Before I started writing my current book (dingus down at the bottom of the post to get the first two chapters free) on hiring developers, I started a book on getting hired as developer or designer.
I might come back to it someday, but I thought I’d share one of the early chapters I had written for that book since it dovetails nicely with parts of the new book I’m currently writing from the opposite perspective.
Enjoy, and let me know if you have any other tips for job seeking developers.
Before you start firing off resumes and inquiries willy-nilly, you have some work to do.
A resume alone won’t get you very far, but a resume combined with the following can greatly increase your chances.
If you know where you’d like to apply, find contacts for people who work there. LinkedIn works great for this.
Find them on Twitter and follow them. Lurk for a while and then engage. Don’t ask if they’re hiring or ask for a job — your only goal here if to raise their awareness.
Let me give you a real-life example:
When it came time to hire a backend developer, I already knew Ryan — at least the name. When I started surfing through LinkedIn for candidates, he came up again.
Later, we hired him.
He’s been great, by the way.
Speaking of LinkedIn
I know LinkedIn can seem somewhat pointless from your seat — little more than a vector for recruiter spam. But it’s hugely helpful on the hiring end.
With a recruiter account, you get access to tons of facets that allow you to hone down to precisely the skill set and person you’re looking for. From there, you can add them to project lists and keep track of how often and how you contacted them.
It’s not the only place employers go hunting, but hooboy is it helpful.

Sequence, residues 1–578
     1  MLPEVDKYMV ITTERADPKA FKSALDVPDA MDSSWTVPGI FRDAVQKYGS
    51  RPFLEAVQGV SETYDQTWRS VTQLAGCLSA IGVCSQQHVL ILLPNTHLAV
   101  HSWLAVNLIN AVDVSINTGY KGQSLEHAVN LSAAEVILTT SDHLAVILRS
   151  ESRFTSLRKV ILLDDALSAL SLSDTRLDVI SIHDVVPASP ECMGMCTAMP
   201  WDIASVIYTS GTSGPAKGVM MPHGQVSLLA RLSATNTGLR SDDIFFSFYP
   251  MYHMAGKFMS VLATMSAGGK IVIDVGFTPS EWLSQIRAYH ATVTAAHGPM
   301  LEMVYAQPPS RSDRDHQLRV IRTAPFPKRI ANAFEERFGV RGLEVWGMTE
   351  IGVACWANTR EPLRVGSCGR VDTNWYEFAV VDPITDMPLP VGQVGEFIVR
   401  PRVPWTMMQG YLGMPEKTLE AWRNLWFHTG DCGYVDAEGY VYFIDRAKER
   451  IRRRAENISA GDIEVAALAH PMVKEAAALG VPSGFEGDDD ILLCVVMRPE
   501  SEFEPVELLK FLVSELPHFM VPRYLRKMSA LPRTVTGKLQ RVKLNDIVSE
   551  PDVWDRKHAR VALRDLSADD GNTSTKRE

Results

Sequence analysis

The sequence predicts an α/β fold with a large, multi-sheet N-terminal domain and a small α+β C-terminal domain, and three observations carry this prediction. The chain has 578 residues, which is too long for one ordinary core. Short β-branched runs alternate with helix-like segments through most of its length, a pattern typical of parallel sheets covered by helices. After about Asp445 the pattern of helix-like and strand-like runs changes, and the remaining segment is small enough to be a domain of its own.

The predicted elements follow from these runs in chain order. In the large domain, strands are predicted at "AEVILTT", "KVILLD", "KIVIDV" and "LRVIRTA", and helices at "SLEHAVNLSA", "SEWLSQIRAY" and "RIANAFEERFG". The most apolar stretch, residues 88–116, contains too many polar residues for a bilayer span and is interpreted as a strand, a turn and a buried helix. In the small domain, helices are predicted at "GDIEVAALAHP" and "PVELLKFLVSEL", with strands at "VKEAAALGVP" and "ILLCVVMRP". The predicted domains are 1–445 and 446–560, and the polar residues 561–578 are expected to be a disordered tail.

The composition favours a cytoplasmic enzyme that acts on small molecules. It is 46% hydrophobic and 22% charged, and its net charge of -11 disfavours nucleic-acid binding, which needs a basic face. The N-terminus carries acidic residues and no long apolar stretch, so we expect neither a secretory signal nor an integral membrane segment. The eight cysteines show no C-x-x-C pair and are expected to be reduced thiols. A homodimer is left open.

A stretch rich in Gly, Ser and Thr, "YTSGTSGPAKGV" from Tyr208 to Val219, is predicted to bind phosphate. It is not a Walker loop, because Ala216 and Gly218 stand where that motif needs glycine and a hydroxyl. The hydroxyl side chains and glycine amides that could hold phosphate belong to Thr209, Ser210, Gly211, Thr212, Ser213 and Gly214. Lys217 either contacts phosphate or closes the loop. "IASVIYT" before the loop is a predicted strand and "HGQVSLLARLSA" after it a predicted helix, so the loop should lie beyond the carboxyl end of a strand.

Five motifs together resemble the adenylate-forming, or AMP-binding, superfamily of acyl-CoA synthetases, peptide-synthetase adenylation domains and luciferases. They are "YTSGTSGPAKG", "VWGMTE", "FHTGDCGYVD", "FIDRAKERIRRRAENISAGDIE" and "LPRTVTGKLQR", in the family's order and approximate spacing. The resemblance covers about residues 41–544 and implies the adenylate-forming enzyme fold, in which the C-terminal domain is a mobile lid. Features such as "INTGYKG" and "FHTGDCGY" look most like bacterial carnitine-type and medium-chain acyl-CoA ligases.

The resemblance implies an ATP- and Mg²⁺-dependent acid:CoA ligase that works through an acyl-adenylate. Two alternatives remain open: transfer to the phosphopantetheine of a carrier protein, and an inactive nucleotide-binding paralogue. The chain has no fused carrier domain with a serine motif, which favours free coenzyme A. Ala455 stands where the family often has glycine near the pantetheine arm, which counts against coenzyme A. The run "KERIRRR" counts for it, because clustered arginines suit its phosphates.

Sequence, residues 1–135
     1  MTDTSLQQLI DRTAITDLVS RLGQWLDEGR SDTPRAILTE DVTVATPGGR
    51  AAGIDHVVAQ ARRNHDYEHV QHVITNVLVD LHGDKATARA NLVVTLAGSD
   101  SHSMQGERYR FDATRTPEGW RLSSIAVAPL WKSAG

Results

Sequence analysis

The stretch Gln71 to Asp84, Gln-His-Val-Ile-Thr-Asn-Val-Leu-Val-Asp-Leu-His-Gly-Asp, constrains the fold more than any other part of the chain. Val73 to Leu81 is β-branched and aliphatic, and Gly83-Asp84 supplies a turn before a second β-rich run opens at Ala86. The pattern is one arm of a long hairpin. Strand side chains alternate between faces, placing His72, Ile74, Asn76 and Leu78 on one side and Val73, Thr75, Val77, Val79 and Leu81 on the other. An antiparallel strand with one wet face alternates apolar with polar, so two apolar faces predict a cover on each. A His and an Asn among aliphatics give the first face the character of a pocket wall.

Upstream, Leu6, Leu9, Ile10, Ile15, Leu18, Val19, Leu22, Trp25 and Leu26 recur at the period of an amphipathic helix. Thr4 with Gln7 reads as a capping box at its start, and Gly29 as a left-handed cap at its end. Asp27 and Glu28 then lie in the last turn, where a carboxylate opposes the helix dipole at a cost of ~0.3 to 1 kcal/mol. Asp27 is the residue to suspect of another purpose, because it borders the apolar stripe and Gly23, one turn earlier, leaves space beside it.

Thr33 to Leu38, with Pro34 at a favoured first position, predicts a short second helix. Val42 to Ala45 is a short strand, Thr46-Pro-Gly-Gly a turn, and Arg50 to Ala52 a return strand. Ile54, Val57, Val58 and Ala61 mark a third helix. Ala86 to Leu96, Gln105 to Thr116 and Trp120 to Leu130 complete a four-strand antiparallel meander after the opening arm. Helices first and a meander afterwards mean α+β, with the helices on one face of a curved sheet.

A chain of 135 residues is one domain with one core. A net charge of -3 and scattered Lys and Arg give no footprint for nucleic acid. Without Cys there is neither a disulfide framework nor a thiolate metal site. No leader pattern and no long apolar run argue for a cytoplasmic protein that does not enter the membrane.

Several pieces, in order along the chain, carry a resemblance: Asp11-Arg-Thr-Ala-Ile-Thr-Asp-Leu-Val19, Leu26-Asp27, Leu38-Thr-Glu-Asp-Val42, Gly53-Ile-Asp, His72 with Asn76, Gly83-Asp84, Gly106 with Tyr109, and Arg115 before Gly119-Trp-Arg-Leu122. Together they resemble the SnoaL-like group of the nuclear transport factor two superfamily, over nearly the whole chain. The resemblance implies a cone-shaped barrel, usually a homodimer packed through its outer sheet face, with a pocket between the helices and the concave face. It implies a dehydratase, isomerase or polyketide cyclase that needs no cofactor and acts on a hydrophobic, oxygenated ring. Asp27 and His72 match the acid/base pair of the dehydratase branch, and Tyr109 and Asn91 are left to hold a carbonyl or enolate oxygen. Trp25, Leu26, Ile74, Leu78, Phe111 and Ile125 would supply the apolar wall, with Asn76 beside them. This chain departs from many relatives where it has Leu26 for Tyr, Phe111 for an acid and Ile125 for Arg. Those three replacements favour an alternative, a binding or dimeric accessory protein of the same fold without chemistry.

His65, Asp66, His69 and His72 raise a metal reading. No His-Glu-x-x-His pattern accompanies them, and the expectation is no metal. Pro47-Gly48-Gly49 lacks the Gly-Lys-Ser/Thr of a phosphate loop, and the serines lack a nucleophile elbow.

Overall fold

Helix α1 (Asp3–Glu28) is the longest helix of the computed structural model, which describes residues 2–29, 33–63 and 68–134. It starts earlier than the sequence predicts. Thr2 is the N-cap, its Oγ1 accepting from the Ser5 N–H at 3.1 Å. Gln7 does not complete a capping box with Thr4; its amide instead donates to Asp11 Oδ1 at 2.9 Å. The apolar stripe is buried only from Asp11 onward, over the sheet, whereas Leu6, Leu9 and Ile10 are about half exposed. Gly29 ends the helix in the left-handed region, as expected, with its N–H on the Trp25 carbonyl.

And even if you don’t show up in searches, I can guarantee you’ll be searched for once you apply. A lot of hiring management software packages will even do this automatically.
So, you need a LinkedIn page.
Fill out your job experience — if you’re in college include whatever you can, even if it doesn’t strike you as relevant. Fill out the Skills section. Link up your social accounts — or better: a personal site, Dribbble and/or Github profiles.
In essence, make it as complete as you can.
In the contact area settings, make sure you have it set for “career opportunities” and “job inquiries”. After all, you’re looking for a job, or you wouldn’t be reading this book, right?
If you have endorsements or write up the bio area, great. But you can consider both optional. A great bio has never gotten anyone hired, but a bad one has stopped more than a few hirings.
It’s better to just leave it blank.
Dribbble and GitHub
Now we’re in to the nitty-gritty of what’s going to set you apart once you begin applying.
If you’re a designer, sign up for an account on Dribbble and post your work there whenever you can.
If you’re a developer, do the same on GitHub. Fork an open source repo or post code of your own, but get code on there.
Much like LinkedIn, Dribbble and GitHub are great places to get discovered and are becoming go-to places for hiring managers like myself to go hunting for talent. But more than that, you want to be able to point hiring managers to work.
Because when it comes to web designers and developers nothing (and I mean nothing) speaks louder than the work. You can interview great, have the best resume in the world, but if I can’t see work, I’m always going to worry.
And I’ll likely hire somebody else instead, all other things being equal.